20 Tips from a Bookseller:
You’ve written a book.
Congratulations, I mean it, and that’s coming from someone who:
- is completely incapable of writing a book and
- counts eating a whole tube of Pringles in one sitting as a typical life achievement.
However, if you are thinking of bringing your self-published book into my bookshop, you might like to consider the following:
1) If you have paid money to have your book printed, this will put you at a disadvantage when approaching bookshops, no matter what your “publisher” might have told you or how much they might have charged you for “trade distribution.”
Publishers of all sizes (and I’m talking about conventional publishers here, who don’t ask for money from their authors) have a rigorous selection process, based on quality.
If you have paid to have a book published, this immediately shows me that your book has not been through that process.
Quality control has not been applied here.
2) Books undergo many re-writes before and after they are accepted by publishers.
An accomplished team will then work with the author on design, content, editing, you name it.
We can only assume that your book has had no expert help or collaboration.
Telling us that your Mum liked it or that your next-door neighbour gave it five stars probably won’t compensate for any of this.
3) It is not uncommon for an Indie Bookshop to buy in less than 5% of the titles shown to them by publishers/wholesalers every month.
It is very much the exception for us to buy a book, and even more so over the counter.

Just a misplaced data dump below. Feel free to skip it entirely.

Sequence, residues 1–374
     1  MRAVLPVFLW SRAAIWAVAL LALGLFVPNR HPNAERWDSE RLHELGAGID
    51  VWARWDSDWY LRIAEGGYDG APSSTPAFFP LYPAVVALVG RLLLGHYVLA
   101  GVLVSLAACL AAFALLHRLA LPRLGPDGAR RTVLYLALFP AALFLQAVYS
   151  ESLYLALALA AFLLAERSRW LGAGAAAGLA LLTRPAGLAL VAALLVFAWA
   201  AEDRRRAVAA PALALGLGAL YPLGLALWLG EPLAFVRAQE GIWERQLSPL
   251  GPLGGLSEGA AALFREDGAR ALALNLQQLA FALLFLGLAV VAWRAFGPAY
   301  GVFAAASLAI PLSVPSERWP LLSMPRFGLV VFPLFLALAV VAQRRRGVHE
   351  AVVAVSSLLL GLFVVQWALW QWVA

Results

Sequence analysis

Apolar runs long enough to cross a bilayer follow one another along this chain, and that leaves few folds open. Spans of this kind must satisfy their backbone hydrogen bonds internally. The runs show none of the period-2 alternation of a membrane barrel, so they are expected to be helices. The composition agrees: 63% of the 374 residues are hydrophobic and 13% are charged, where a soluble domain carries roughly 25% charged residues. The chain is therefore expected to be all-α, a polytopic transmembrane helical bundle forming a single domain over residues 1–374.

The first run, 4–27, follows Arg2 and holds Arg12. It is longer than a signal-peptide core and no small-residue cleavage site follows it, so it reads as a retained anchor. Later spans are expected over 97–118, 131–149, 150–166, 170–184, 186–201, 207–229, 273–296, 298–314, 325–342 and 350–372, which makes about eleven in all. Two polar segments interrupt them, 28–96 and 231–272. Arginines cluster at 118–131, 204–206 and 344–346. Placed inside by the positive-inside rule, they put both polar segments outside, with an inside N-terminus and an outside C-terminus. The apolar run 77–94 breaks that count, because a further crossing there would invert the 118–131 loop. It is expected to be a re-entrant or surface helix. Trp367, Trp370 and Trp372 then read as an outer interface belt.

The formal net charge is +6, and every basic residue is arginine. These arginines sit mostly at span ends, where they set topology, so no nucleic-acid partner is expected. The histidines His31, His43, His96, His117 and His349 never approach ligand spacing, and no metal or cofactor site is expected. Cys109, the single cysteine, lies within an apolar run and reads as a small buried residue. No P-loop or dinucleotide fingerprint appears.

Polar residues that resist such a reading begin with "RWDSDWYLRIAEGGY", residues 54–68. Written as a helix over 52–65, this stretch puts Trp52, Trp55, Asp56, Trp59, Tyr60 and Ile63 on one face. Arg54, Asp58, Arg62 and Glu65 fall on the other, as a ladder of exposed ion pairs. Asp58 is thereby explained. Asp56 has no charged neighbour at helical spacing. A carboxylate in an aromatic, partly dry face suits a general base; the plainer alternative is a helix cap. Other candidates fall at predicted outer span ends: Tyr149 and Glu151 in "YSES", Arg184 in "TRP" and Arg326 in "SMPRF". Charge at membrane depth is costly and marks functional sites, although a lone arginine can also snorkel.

Therefore your book must be exceptional.
Bear in mind too that, though your book may be literally under my nose, unlike almost every food item I could mention, that fact alone is not going to jump it to the front of a very long queue.
4) Why is your book priced at 7.49? This suggests that you have never seen a book before.
5) Why is your book priced at 20.99 for a standard paperback?
If the answer is:
That reflects how much it cost me to get it published,
then you really shouldn’t have got it published.
6) What size is your book exactly?
Somewhere in between A format and B format?
B+? A-? B flat minor?
OK, so maybe IngramSpark do list 87 different ‘trim’ sizes for books, but why not go for a format that is already established?
7) Front cover design and font choice are two key areas where your book can look very home-made.
Achieving a professional front cover yourself is not easy and yet this is the main criteria on which your book will be judged.